Out-Law News 4 min. read
22 Jun 2023, 11:49 am
EU regulators have proposed new standards which are designed to flesh out in more detail the obligations businesses face around ICT risk in financial services under the EU’s Digital Operational Resilience Act (DORA).
DORA, due to begin to apply from 17 January 2025, will effectively codify and harmonise obligations on financial services firms arising from a raft of existing regulatory standards and guidelines in relation to ICT risk and outsourcing. It will also introduce a new framework of direct regulation of major technology providers to financial entities.
The DORA package, which is made up of both an EU regulation and directive, provides for much of the detailed requirements to be set out in regulatory, or implementing, technical standards. The EU’s three supervisory authorities in financial services – the European Banking Authority (EBA), the European Securities and Markets Authority (ESMA) and the European Insurance and Occupational Pensions Authority (EIOPA) – are jointly mandated to draft the standards.
The first set of draft standards – four in total – have now been published and concern different aspects of the DORA regime.
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There is good reason to take steps as part of initial implementation activities to be become familiar with the provisions in draft in order to plan effectively for implementation
The first draft standard is on the topic of ICT risk management (87-page / 1MB PDF). It covers ICT security policies, procedures, protocols and tools – including on issues of governance, encryption and cryptography, ICT operations and network security, ICT project and change management, and training – as well as human resources policy and access control, ICT-related incident detection and response, ICT business continuity management, and the report businesses will have to prepare after conducting a review of their ICT risk management framework.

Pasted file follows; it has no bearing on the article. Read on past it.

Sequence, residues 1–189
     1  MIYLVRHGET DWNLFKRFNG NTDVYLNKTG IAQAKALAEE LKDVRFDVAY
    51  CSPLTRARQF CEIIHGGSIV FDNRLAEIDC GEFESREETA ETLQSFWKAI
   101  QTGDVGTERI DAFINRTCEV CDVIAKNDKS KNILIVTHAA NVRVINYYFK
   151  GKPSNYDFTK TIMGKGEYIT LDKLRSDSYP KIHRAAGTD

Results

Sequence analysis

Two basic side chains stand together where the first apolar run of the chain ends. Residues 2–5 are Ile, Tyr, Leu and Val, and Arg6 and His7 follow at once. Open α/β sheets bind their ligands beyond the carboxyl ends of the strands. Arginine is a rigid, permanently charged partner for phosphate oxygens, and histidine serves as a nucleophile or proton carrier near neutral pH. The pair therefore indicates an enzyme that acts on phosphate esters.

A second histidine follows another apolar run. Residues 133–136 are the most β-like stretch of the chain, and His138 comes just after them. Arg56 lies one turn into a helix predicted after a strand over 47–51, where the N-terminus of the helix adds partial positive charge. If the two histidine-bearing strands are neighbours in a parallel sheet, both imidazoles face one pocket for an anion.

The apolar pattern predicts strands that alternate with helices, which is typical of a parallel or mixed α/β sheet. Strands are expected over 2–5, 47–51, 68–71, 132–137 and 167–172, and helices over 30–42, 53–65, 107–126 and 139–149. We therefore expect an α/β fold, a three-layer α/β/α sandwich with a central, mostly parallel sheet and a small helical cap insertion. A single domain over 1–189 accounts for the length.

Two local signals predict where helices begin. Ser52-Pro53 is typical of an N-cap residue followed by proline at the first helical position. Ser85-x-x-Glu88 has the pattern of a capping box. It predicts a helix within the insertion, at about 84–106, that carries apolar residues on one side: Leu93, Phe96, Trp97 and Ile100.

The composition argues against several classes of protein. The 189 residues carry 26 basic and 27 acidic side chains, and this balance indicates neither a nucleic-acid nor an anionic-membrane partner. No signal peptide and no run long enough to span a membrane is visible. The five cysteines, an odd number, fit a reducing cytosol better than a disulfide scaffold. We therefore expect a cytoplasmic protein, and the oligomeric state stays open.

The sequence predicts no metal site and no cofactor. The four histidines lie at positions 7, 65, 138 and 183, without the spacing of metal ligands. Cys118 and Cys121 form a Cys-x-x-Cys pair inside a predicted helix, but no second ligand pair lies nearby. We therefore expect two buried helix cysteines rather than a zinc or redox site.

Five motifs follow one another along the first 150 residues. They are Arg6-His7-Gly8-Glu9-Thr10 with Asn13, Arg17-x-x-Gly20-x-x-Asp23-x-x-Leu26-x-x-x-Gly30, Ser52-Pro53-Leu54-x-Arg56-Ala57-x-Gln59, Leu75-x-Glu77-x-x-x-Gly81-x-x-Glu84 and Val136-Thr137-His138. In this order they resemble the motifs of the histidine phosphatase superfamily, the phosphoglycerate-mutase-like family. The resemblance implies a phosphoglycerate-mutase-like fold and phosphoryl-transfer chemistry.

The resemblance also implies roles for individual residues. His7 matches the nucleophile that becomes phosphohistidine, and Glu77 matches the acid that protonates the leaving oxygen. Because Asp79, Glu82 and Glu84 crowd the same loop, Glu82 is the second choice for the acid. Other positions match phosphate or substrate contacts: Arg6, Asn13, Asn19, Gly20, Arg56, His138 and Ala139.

The second draft standard concerns criteria for the classification of ICT-related incidents (40-page / 828KB PDF).
DORA requires financial firms to classify ICT-related incidents and determine their impact based on criteria outlined in the legislation – this will require firms to consider matters such as the number of clients affected, service downtime arising from the incident, the geographic spread of the incident, whether there has been any data loss, the criticality of the services impacted, and the economic impact of the incident.
The classification requirements are designed to assist firms in identifying incidents that need to be reported to regulators under DORA’s incident-reporting provisions. The draft standard expands on the classification criteria outlined in DORA and will further help firms establish the materiality of incidents with their incident reporting obligations in mind.
Under DORA, financial entities are also required to maintain and update a register of information in relation to all contractual arrangements on the use of ICT services provided by ICT third party service providers. The EBA, ESMA and EIOPA are mandated to develop templates to support firms in this regard – the third draft standard (140-page / 1.8MB PDF) they are consulting on relates to those templates.
The fourth draft standard provides detail on the policy financial entities are required to develop under DORA on their use of ICT services supporting critical or important functions provided by ICT third-party service providers. DORA requires that the policy form part of a broader strategy on ICT third-party risk.